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Faster Running Improves Performance in Many Sports

If you want to improve in baseball, football, basketball or hockey, learn to run faster. To run fast in competitive sports, you have to run fast in practice and lift heavy weights to become stronger. Run a series of short fast sprints with a short rest between each. Do resistance exercises because stronger muscles drive you forward with more force.

No coach should ever require players to run sprints at the end of every practice or lift heavy weights more often than twice a week. Every time you run fast or lift heavy, your muscle fibers are damaged and feel sore on the next morning, and take at least 48 hours to heal. If you try to run fast or lift heavy when your muscles feel sore, you are at increased risk for tearing them and not being able to play at all. In the preseason, knowledgeable coaches have their players scrimmage hard and run sprints on one day, then practice plays and take it easy on the next. During the season, they play so often that players should not be asked to do much additional hard training.

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Dear Dr. Mirkin: Can you help me persuade my spouse that a dusty house is unhealthy?

Large amounts of inhaled dust can damage your lungs permanently. When a germ gets into your body, cells called stimulatory macrophage rush to attack the germ. Your body produces chemicals that cause blood vessels to widen and fluid to leak into the area to cause swelling, pain and redness. Then when the germs are conquered, suppressor macrophage stop the reaction. Normal lungs contain ten times as many suppressor macrophage as stimulatory ones. In people who have inflammatory lung diseases such as asthma and chronic bronchitis, the ratio is only three to one. When people are exposed to common house dust, suppressor cells die, in effect removing the brakes on swelling and redness. Living or working in a place that is full of house dust can cause lung damage in healthy people. Those who have chronic lung disease such as asthma or chronic bronchitis should try to keep their exposure to house dust as low as possible.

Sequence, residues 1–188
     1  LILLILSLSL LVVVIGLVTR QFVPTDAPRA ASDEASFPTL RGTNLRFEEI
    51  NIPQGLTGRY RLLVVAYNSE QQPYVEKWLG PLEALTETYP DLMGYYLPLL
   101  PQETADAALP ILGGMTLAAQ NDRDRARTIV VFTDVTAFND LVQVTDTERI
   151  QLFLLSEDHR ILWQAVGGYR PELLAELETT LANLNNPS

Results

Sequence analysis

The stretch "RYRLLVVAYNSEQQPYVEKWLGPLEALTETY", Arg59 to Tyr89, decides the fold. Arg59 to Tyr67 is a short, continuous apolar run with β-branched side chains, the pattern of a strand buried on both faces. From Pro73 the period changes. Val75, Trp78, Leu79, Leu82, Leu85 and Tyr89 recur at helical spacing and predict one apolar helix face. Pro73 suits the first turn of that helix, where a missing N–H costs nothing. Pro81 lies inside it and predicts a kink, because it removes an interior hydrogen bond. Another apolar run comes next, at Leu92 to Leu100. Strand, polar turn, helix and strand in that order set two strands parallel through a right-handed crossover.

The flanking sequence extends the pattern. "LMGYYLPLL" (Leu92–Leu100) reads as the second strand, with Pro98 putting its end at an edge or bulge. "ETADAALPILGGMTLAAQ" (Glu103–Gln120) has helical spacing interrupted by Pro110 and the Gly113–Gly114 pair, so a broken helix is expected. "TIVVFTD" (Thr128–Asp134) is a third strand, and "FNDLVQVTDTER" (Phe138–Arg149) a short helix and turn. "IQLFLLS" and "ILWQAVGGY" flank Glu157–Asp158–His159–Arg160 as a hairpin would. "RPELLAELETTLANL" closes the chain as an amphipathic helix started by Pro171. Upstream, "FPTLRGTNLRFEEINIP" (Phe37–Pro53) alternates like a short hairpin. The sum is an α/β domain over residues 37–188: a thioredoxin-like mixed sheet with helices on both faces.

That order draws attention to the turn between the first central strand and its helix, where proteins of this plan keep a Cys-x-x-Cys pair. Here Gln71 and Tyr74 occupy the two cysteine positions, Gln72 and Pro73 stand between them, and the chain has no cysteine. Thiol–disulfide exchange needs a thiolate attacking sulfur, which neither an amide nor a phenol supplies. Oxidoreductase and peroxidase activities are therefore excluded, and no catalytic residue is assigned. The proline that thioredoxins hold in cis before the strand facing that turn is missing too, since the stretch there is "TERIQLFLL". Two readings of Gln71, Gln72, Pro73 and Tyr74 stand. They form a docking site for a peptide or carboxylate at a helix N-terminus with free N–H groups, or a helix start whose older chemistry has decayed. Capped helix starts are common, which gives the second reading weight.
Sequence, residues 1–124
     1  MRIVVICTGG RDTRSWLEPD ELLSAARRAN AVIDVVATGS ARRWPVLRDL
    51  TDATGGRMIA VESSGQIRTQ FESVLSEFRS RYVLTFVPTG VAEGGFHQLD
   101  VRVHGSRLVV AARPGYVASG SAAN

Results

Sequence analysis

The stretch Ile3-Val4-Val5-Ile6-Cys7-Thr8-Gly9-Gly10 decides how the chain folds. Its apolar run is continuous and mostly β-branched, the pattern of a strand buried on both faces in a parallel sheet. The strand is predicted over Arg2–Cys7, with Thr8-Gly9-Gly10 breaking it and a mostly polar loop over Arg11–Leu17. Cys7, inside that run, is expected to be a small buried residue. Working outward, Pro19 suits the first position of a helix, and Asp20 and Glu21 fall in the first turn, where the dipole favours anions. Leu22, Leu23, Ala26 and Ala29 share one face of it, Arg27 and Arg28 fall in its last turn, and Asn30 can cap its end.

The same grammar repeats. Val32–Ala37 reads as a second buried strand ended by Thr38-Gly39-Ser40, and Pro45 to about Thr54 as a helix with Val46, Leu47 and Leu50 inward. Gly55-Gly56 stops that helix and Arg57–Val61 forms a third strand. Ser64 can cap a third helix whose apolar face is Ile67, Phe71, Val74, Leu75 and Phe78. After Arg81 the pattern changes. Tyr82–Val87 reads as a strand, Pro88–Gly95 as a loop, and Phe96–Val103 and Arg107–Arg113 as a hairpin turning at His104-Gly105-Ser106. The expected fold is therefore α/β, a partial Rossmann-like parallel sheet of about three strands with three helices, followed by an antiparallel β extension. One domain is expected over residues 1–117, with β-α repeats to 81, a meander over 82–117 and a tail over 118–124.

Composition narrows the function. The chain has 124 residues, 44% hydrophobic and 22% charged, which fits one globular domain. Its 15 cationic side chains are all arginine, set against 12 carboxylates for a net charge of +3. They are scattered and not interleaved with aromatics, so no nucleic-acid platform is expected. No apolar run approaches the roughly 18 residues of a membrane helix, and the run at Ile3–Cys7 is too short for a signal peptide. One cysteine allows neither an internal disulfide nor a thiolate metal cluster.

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Dear Dr. Mirkin: My son's coach wants him to take creatine. Does it really build larger muscles, as he claims?

Creatine can help to strengthen muscles, but athletes who take these supplements need to know how much they can take safely before they harm themselves. When you exercise and your muscles get as much oxygen as they need, they burn carbohydrates, fats and protein for energy. When you exercise so intensely that you cannot get all the oxygen you need, your muscles use creatine and ATP. So when you exercise so intensely that you can't get enough oxygen, you can delay fatigue by taking creatine and it allows you to do more work, which makes you stronger.

The body of a 160 pound man contains 120 grams of creatine and he takes in and uses about two grams a day. No good studies have been done to show what amounts are safe to take beyond what your own body makes, so let the buyer beware. Creatine may allow you to lift more weights and make you stronger, but it may harm you. Taking too much creatine can cause weight gain, increased insulin production and possibly kidney damage. High levels of insulin constrict arteries to cause heart attacks and affect the brain and liver to make you fat. The chemical process of extracting creatine in the laboratory forms toxic contaminants called dicyandiamide and dihydrotriazines, that have to be removed before humans can take them safely. The industry that distributes creatine is unregulated and you have no way to know what you are actually buying.

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Three easy ways to add seafood to your dinner menu:
Cajun Fish Filets
Catfish Gumbo
Mediterranean Clams and Beans

List of Diana's Healthful Recipes

June 27th, 2013
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About the Author: Gabe Mirkin, MD

Sports medicine doctor, fitness guru and long-time radio host Gabe Mirkin, M.D., brings you news and tips for your healthful lifestyle. A practicing physician for more than 50 years and a radio talk show host for 25 years, Dr. Mirkin is a graduate of Harvard University and Baylor University College of Medicine. He is board-certified in four specialties: Sports Medicine, Allergy and Immunology, Pediatrics and Pediatric Immunology. The Dr. Mirkin Show, his call-in show on fitness and health, was syndicated in more than 120 cities. Read More
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